Custom or advanced solution. There’s an infinite set of these, and most agencies will try to sell these because they result in more billable hours, and they’re more interesting to build. (HubSpot’s CMS – a tempting choice for HubSpot users – also falls into this category because it works in a lot of ways that are weirdly proprietary.)
For most companies, we advise against these. They tend to have odd quirks and bugs, which violate our “go fast” rules above. They tend to be ultimately harder to migrate from, harder to maintain, and less secure. There are definitely companies that need – and should use – custom solutions. You’ll know if you’re a company like that!
What types of companies should use what kinds of CMS?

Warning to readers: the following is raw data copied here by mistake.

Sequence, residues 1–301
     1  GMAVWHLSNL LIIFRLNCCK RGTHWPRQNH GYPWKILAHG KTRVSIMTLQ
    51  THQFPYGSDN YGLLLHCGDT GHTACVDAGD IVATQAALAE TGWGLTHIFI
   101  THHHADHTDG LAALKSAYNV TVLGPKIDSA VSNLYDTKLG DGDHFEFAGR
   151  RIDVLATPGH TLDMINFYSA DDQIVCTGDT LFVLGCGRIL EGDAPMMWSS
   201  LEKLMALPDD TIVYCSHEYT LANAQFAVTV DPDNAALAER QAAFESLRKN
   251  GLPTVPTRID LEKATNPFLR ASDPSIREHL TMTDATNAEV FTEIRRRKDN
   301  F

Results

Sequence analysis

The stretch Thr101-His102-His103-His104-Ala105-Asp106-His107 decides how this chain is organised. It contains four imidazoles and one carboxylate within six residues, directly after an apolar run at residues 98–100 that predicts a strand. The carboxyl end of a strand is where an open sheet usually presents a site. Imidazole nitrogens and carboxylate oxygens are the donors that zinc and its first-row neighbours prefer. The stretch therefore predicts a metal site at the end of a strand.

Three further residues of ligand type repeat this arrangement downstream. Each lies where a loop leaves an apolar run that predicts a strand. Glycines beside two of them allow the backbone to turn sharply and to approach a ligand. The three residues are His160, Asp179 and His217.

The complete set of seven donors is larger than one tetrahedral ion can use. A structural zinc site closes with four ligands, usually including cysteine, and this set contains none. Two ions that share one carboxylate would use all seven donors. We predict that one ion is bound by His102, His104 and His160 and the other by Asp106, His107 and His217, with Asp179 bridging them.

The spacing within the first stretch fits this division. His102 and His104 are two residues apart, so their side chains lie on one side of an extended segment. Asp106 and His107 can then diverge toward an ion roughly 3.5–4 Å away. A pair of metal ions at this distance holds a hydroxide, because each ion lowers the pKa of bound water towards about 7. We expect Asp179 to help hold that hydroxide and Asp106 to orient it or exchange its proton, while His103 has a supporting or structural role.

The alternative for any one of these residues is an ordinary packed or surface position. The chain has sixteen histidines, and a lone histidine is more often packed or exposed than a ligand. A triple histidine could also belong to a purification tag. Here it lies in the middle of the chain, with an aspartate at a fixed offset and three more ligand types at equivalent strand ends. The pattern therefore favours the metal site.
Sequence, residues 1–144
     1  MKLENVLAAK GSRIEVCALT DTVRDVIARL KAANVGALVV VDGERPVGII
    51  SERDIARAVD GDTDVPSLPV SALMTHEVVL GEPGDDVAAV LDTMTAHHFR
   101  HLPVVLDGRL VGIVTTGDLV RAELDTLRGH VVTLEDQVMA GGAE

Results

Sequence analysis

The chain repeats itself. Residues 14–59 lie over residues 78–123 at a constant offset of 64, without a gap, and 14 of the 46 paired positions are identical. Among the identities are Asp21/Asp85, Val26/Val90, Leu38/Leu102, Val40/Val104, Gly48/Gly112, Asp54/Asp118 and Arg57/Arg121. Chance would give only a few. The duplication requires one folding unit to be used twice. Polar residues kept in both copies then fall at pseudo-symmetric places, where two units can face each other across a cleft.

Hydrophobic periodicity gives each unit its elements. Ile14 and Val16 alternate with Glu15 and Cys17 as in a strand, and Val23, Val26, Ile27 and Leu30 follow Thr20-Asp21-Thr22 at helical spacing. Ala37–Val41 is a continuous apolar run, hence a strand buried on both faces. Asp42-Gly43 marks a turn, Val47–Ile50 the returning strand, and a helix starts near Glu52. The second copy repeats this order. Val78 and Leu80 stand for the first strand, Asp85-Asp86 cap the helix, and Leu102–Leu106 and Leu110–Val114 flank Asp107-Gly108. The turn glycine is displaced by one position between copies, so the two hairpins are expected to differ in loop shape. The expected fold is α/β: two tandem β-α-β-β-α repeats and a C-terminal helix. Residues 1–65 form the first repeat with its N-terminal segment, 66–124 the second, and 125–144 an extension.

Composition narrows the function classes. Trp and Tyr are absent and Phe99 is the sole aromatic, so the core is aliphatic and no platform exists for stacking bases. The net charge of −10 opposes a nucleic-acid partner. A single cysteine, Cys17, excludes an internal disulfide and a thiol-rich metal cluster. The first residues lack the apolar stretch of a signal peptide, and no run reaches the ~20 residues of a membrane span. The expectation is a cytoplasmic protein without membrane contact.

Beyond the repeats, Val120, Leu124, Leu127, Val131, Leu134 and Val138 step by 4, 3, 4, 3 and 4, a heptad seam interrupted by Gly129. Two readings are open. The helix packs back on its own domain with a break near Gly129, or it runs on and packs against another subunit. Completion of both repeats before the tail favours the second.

Companies with intense developer cultures are served well by static site generators. This is also true for companies where there is lots of interest in staffing marketing with engineering help (rare).
If you’ve got pretty sophisticated design help, that’s an argument in favor of a website builder – Webflow is really your best bet here. Otherwise, you may want to consider Wordpress.
Most types of CMS will work fine for most types of companies, with various pros and cons. If something is working for you, even if it’s not working perfectly, that’s solid evidence in favor of sticking with what you have.
Should I migrate to another type of CMS if I already have one in place?
If you’re asking this question – generally, no.
CMSes all come with tradeoffs. If you’ve already got the organizational structure and resources in place to support Wordpress, and you’re using Wordpress, stick with Wordpress. And rarely should you switch between CMSes in a particular category – don’t migrate from Wordpress to Drupal without very compelling reasons for doing so.